> why do I need a Middleware server ? … I have used Cuba platform app running on 1 server with TOMCAT to run the WAR file generated…
That’s a good question. As you may know, any CUBA application consists of at least two “blocks” - Middleware and Web Client. Middleware contains business logic, Web Client is a default front-end. This separation exists not only in the development stage but in the running application too, no matter how it is assembled. Even if you run a single WAR file, the blocks are still separated by classloaders. Tomcat (or any other Java web server) is a container for both blocks, it provides Servlet API and other means for running web applications. If you run Middleware on a separate server, it will also be a Tomcat, because the Middleware block is actually a web application without front-end.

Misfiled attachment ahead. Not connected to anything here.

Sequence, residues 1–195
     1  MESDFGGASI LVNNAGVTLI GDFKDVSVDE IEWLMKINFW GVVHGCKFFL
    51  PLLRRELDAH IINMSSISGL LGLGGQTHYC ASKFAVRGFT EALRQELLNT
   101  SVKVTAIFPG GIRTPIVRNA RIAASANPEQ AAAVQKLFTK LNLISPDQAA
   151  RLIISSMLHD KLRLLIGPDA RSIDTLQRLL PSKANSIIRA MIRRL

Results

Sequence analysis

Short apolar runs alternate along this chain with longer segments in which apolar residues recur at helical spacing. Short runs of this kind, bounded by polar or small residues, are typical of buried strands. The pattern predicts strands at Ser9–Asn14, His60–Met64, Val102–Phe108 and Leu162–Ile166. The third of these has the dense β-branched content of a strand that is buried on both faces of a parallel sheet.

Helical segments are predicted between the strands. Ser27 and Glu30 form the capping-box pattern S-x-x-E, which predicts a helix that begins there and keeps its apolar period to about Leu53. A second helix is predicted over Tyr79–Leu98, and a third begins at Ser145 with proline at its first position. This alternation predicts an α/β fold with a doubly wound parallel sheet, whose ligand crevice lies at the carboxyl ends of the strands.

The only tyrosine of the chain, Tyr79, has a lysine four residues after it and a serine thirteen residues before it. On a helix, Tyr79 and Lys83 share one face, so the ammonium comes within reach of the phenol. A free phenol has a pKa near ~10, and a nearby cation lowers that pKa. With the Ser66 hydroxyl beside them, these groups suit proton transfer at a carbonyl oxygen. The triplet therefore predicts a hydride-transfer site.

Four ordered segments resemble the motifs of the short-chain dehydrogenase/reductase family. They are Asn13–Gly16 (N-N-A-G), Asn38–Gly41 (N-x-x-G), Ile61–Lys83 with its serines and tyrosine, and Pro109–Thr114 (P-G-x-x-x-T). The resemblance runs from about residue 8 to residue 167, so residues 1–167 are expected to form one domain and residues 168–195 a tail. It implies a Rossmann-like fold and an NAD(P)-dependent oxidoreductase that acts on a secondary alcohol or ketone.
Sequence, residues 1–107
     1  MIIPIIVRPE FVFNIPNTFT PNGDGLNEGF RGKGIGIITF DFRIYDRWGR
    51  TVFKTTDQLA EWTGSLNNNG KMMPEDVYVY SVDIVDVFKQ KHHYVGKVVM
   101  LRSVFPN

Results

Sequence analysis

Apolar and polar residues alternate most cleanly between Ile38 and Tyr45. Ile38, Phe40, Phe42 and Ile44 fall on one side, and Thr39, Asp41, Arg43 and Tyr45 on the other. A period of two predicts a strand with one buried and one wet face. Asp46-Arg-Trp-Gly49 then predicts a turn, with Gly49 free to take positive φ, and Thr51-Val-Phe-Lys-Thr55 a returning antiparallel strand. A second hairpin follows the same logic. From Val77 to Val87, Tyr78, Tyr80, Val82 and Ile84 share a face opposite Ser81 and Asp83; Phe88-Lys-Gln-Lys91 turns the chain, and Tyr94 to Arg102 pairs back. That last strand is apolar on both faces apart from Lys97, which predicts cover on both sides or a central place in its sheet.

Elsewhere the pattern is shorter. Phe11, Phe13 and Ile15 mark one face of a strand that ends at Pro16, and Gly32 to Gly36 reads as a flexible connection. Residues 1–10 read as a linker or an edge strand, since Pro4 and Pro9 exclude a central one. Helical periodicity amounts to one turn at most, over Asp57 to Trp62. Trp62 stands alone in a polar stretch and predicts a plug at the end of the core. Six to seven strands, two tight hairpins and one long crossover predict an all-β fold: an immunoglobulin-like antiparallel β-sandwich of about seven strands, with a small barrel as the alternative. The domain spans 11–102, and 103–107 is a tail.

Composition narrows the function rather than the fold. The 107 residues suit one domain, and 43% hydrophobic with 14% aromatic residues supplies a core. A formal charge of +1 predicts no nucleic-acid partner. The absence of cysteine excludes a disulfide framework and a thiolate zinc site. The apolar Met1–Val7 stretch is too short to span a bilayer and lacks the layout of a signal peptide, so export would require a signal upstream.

In a simple case, you can run Middleware and Web Client on a single machine, either as separate web apps or in a single WAR. But when you need to scale your system by adding more servers, you will have to organize communication between Middleware blocks to synchronize various caches (entity cache, locks, app properties cache and others). The more servers you have, the more intensive is the communication and more config files you have to support. At the same time, Middleware blocks do not need to be scaled at the same proportion as Web Client blocks as I explained in my previous comment. So it is logical for a situation when you need more than 2 Web Client servers to have a separate Middleware blocks cluster with up to 2 servers (for fault-tolerance).
See also the Application Scaling documentation.